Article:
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Pemphigus Vulgaris

Last reviewed by Dr. Raj MD on January 12th, 2022.

What is Pemphigus Vulgaris?

This medical condition is an autoimmune disorder which means this is a condition when your immune system mistakenly attacks and destroys your healthy body tissue. At this time there are more than eighty different types of autoimmune disorders. With this pemphigus vulgaris, this type of autoimmune disorder is a chronic skin blistering disease that results in skin lesions. These skin lesions are often times painful but are rarely pruritic, which means they do not itch and cause you to want to scratch the area. It usually affects your mouth and skin. This is considered an ultra-rare autoimmune disease/disorder and many times as many as eighty percent of the cases are misdiagnosed for an average of six months.

It does affect women and men equally and on average the symptoms first appear in people from fifty to sixty years of age but can affect younger people. It can affect any ethnic group but will usually appear more often in people who are Ashkenazi Jews and people of Mediterranean ancestry. It can also appear in some subtypes of people from Columbia and Brazil. In the United States there are approximately ten to thirty thousand people affected with this disease.

Pemphigus Vulgaris Symptoms

In approximately eighty percent of the cases, the first symptoms will appear in the mouth’s mucus membranes with erosions or flaccid (soft) blisters. Many times these first symptoms are mistaken for other mouth conditions so this is why it takes awhile for this disease to be properly identified. Eventually approximately two-thirds of these people will also experience lesions not only in the mouth but also on the skin. You may find these lesions not only in the mouth and on your skin but also on your scalp.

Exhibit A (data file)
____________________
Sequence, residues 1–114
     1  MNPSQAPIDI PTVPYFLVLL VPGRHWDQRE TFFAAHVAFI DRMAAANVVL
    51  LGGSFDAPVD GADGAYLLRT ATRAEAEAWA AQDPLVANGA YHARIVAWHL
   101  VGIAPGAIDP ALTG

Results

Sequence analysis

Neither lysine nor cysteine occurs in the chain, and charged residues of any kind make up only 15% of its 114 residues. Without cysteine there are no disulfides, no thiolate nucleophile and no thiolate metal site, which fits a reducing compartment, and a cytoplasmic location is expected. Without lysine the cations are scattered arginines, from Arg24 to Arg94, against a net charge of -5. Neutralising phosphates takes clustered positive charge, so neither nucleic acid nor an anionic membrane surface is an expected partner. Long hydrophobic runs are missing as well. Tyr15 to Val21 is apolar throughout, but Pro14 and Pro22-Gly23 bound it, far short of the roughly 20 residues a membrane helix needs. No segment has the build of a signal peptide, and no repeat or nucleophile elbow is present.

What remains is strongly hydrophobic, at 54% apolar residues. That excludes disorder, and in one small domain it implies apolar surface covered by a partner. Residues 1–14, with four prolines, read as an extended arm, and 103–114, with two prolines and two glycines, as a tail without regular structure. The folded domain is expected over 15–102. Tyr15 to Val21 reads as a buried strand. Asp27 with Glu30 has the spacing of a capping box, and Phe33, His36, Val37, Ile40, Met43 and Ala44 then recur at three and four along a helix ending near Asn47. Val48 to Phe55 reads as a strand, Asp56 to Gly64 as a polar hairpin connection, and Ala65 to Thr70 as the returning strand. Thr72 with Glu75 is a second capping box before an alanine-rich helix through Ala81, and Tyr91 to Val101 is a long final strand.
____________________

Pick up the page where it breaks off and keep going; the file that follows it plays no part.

If you have skin sores they could be described as:

  • Oozing
  • Crusting
  • Draining
  • Easily detached or peeling

These skin sores may also come and go. Generally this autoimmune disorder is characterized by blisters or lesions that do not heal. They will also recur and spread to bigger portions of your body. On average these ulcers will be there for weeks or could be months.

When a person has these blisters they could be accompanied by:

  • Stinging
  • Severe pain
  • Burning
  • Sometimes itching but usually do not itch.
  • Difficulty swallowing or eating if they are in your throat or mouth.

Pemphigus Vulgaris Causes

What exactly causes pemphigus vulgaris is not known but researchers believe it is an autoimmune disease. Research has shown that it is sometimes caused by certain medications although this is a rare cause. Some of the medications that they feel may cause pemphigus vulgaris are:

  • Penicillamine which is a medication that is used to remove certain materials from your blood. It is considered a chelating agent.
  • Medications that are used to treat your high blood pressure called ACE inhibitors.

If medication is the cause it will usually go away after stopping the medication.

The reason that researchers feel that is an autoimmune disease is that when a person has this medical condition their auto-antibodies will attack the molecules or proteins referred to as desmogleins that hold your skin cells together. When this happens it causes them to separate, resulting in blisters.